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Dr. Kilian Harrer

Member of the academic staff, Department Abendländische Religionsgeschichte
Room: 03-304
Phone: +49 (0)6131-39 23459

E-Mail


Personal Details:

Studies (B.A. 2012, M.A. 2015) in History with a minor in "Sprachen, Literaturen und Kulturen" at the Ludwig-Maximilians-Universität München; Ph.D. (2021) from the University of Wisconsin-Madison with the dissertation topic "Places of Power, Spaces of Peril: Pilgrimage and Borders in Western Central Europe, c.. 1770-1810"; 2021-23 research associate at SFB 1369 ("Vigilance Cultures") at LMU Munich; since 2023 research associate at the Leibniz Institute of European History (IEG).

Research Interests:

Religion and Politics from the Enlightenment to the Napoleonic Era
transnational history and borderlands
early modern Central and East-Central European history
Work, Piety and Holidays in the Early Modern Period

Selected Publications:

“Mass Pilgrimage and the Usable Empire in a Napoleonic Borderland,” The Historical Journal 66, no. 4 (2023): 773–94.
“Kontingenz und Konvergenz: Heinrich von Valois als Kandidat für den polnisch-litauischen Thron,” in Beiträge zur Geschichte und Kultur Westeuropas: Band 2, ed. Mark Hengerer & Daniel Mollenhauer (Hildesheim: Georg Olms Verlag, 2022): 5–32.
“The Keys of Heaven in the Hands of Women: History, Hierarchy, and Gender in Early Modern Catholicism,” Catholic Historical Review 106, no. 1 (2020): 50–76.
“La suppression de cinq paroisses à Tours (1777–1782): Un exemple de rationalité administrative au siècle des Lumières,” Dix-Huitième Siècle 46 (2014): 673–93.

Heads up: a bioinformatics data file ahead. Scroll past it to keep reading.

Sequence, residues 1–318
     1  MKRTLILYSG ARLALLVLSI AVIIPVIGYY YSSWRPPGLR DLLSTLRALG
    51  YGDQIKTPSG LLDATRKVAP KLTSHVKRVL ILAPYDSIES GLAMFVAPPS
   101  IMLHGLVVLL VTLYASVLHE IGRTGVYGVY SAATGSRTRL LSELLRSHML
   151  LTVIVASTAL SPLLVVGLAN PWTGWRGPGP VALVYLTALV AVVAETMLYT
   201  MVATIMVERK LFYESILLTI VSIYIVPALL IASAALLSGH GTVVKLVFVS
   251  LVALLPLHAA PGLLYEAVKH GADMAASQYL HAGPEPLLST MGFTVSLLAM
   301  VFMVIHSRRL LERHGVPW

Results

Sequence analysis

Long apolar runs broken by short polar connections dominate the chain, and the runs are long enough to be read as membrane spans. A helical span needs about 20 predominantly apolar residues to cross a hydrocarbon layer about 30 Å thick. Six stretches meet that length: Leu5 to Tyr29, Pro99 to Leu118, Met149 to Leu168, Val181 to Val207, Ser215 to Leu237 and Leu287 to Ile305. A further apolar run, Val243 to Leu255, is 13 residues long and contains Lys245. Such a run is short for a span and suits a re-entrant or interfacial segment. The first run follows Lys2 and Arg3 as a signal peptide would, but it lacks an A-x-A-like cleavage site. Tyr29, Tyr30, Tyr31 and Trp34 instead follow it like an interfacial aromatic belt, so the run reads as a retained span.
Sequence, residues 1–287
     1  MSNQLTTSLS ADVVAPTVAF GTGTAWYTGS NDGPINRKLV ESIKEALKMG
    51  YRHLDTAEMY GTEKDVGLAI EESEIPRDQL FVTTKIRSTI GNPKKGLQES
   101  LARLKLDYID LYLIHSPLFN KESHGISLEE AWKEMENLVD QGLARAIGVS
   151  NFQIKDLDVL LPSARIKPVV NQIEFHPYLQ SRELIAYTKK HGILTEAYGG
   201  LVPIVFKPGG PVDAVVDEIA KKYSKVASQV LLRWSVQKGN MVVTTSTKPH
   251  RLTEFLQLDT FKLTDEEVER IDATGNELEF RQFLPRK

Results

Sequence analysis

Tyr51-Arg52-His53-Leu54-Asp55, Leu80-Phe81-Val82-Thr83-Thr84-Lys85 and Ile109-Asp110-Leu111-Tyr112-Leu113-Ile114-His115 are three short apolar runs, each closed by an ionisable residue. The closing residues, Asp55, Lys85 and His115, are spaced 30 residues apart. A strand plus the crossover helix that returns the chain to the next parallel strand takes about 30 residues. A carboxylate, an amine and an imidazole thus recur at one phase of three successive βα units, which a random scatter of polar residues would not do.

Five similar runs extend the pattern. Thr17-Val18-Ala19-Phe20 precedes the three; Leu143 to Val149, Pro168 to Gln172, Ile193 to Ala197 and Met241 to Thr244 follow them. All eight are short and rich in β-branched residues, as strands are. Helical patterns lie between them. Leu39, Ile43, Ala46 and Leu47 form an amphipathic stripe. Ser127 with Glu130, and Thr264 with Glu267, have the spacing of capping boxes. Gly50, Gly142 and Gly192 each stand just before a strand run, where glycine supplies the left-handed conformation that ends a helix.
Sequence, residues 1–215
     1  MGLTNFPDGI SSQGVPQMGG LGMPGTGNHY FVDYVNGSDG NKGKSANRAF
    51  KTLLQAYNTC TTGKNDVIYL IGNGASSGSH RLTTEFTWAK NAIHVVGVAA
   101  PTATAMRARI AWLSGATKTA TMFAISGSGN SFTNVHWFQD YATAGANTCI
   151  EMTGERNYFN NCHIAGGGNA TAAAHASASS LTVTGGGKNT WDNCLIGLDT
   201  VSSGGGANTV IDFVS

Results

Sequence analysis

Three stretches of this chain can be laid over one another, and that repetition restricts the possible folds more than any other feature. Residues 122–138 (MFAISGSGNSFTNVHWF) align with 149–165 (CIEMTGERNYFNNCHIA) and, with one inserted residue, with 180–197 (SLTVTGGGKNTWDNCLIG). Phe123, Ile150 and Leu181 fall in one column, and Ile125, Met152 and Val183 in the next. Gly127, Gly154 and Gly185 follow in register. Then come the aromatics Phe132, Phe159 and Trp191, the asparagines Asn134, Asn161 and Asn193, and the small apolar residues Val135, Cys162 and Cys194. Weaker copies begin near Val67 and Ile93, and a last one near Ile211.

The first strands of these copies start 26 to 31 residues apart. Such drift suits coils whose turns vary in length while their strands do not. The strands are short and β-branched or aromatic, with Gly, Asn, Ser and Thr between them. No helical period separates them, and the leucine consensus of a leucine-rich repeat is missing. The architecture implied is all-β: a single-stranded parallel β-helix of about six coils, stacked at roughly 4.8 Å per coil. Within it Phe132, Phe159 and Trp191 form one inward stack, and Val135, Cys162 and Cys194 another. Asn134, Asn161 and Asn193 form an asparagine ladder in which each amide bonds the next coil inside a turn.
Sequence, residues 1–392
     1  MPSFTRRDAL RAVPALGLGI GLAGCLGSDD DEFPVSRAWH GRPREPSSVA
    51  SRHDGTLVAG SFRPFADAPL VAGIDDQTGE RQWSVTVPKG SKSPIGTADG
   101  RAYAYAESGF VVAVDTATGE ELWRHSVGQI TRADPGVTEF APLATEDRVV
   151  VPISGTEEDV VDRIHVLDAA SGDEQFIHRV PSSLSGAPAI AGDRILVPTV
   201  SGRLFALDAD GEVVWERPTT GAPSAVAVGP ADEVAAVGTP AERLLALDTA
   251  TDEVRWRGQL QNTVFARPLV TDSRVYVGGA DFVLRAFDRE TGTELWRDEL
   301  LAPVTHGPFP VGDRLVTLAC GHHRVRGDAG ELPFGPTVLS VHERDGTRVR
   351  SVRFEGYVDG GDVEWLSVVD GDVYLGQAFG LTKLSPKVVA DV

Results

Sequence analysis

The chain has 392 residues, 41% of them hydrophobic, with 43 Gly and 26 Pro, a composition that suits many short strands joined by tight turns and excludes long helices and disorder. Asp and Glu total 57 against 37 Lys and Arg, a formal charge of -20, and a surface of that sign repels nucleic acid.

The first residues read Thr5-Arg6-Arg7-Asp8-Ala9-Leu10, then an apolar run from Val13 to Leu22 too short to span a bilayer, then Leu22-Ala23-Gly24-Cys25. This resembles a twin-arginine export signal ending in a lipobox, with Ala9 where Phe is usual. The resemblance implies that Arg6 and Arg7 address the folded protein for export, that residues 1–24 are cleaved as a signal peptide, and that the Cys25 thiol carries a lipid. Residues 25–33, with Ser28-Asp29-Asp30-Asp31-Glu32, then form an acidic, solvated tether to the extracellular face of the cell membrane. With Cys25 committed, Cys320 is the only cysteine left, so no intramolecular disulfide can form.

Research projects:

Bees, God, and Other Workers in Early Modern Europe

How did humans’ and bees’ work intersect in early modern Europe? How did this interrelation inform evolving Christian understandings of good work and its rewards? These two questions drive a research project that will connect seemingly disparate histories of religion, the environment, and work.

Enlightenment and Holiday Reform in East-Central Europe

In the eighteenth century, Catholic populations in Europe as well as in other parts of the world were confronted with a wave of radical holiday reforms. At the request of secular rulers, popes exempted the people from the obligation to refrain from all field and manual labour for a series of saints' days and Marian days. Religious reform ideals and political economy interacted in these attempts to initiate an "industrious revolution" from above.

Transgressive Devotion: Pilgrims and Borders in the French Revolutionary Era

Throughout the turbulent decades around 1800, Catholic pilgrims mingled piety and politics in the borderlands between German- and French-speaking Europe. While clerical leadership remained important, the current book project shows how lay Catholics often mobilized themselves as they faced the political and religious challenges of Enlightenment reform, revolution, and Napoleon’s authoritarian rule.